Mark “Simple Nomad” loveless from Vernier’s threat labs co-hosts “Beyond NAC” webcast.
Vernier Networks, the leading supplier of award-winning network access control (NAC) appliances, today issued a list of “Top Seven in ’07” IT security predictions and resolutions to help IT security managers improve overall security and increase enterprise-wide control and compliance. IT security managers can learn more about security trends and improving network defenses during a free webcast on Jan. 16, 2007, at 11 a.m. Eastern time.
"Defining a cost-efficient, annual security strategy requires both a complete understanding of an organization’s overall threats and a well-defined and strictly enforced security policy,” said Simon Khalaf, president and chief executive officer for Vernier Networks. “Drawing from seven years of security expertise serving more than 1,000 customers, we have created our list of the top seven security trends, as well as the top seven security resolutions for protecting corporate networks.”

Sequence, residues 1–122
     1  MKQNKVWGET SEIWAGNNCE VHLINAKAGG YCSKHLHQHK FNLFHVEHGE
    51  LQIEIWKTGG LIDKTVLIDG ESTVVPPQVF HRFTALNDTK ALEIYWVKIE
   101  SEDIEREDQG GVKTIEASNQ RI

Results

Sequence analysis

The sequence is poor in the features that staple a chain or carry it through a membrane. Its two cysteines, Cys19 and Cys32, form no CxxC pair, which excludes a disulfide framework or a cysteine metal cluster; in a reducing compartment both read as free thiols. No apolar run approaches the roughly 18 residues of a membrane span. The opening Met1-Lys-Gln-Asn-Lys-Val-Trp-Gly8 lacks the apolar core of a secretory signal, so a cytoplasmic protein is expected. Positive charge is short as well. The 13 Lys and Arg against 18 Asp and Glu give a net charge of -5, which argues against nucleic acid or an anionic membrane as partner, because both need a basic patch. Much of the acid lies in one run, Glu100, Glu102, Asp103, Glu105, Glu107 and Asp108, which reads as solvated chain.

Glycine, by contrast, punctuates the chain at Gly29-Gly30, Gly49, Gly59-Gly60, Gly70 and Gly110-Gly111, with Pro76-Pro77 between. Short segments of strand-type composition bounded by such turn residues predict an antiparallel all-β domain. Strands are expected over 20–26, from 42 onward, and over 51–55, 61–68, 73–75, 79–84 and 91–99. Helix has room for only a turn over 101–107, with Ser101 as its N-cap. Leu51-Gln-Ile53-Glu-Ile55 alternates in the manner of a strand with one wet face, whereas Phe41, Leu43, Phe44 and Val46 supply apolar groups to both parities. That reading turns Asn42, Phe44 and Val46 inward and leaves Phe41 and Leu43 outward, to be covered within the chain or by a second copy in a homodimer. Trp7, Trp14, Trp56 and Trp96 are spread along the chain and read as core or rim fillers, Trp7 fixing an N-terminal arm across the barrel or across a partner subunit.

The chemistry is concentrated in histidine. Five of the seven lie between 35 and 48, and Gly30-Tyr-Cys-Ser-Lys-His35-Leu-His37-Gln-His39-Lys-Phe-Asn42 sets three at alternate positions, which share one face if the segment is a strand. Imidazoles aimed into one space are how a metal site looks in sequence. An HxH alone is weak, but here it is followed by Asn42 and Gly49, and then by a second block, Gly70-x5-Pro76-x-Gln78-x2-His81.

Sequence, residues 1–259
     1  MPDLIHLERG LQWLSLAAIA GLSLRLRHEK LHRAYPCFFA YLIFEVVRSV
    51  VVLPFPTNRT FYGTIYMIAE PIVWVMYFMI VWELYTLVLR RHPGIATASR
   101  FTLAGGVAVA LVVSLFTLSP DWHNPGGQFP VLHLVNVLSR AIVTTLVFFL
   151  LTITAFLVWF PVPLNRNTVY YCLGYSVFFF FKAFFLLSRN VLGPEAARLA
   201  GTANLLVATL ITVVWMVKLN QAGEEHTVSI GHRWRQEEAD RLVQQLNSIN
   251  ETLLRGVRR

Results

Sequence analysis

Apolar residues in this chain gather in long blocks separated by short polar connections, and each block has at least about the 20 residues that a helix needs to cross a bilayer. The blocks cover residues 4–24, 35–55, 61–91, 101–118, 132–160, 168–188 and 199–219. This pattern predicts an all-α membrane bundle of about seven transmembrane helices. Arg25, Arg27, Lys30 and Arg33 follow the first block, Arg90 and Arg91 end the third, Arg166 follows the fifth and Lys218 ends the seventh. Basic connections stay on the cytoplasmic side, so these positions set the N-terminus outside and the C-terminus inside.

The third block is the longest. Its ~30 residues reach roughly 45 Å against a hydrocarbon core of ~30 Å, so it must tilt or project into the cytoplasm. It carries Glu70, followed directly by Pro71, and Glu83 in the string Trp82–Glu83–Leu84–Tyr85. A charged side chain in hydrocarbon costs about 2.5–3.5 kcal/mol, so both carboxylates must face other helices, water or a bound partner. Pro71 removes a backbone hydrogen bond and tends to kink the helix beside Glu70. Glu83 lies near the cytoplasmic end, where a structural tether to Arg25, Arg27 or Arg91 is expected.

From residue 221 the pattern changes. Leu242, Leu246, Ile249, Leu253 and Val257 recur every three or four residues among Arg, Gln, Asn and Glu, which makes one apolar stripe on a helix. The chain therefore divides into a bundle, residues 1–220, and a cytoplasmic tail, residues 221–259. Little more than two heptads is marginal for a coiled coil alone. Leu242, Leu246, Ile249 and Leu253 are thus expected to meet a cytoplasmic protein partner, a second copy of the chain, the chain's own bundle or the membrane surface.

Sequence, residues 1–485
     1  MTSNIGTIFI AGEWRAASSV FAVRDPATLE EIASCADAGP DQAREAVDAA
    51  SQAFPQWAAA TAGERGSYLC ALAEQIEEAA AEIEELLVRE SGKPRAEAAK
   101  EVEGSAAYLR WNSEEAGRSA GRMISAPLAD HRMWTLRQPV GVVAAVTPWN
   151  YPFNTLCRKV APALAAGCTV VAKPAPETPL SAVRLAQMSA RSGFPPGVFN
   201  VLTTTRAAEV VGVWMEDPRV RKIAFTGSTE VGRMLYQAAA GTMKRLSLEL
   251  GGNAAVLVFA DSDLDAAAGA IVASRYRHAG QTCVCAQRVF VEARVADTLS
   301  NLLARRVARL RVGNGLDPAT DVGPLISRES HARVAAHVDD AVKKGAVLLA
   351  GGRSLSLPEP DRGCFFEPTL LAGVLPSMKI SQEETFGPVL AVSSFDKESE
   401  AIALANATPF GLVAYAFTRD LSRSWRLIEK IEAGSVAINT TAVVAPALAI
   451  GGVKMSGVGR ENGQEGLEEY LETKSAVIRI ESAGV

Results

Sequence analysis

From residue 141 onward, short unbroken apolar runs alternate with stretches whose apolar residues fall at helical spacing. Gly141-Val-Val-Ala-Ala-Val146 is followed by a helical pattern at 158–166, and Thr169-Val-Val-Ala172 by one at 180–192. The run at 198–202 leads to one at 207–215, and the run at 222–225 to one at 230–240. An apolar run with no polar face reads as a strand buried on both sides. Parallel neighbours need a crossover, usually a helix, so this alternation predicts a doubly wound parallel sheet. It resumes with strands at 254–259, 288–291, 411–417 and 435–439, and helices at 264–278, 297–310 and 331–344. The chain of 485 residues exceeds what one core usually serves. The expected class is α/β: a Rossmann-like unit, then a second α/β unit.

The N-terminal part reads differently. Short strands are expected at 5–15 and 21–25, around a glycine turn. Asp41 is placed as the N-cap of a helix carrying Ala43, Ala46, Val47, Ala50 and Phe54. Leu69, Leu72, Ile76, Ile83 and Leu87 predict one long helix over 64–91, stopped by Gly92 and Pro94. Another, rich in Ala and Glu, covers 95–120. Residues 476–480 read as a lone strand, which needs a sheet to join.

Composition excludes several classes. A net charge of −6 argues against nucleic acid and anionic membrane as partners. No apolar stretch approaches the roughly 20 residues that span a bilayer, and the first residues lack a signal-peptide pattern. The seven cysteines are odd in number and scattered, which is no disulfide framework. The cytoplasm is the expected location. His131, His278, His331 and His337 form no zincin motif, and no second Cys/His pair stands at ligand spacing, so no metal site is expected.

Top Seven in ’07 Security Risks
Vernier Networks’ IT security researchers predict the following seven trends will change the overall security landscape in 2007:
1. Usage of Zero-Day attacks to get “botnet” software into computers will dramatically increase. Black-market prices for these remote exploits requiring no target-user intervention sold for $5,000 in 2004 but have skyrocketed to as much as $80,000 in 2007.
2. Business-oriented social networks, such as LinkedIn and ZoomInfo, will gain the attention of malware writers, particularly those who target specific businesses. Hackers will use these networks to penetrate organizations starting with human-resources departments. Expect more phishing-like attacks to target these social networks.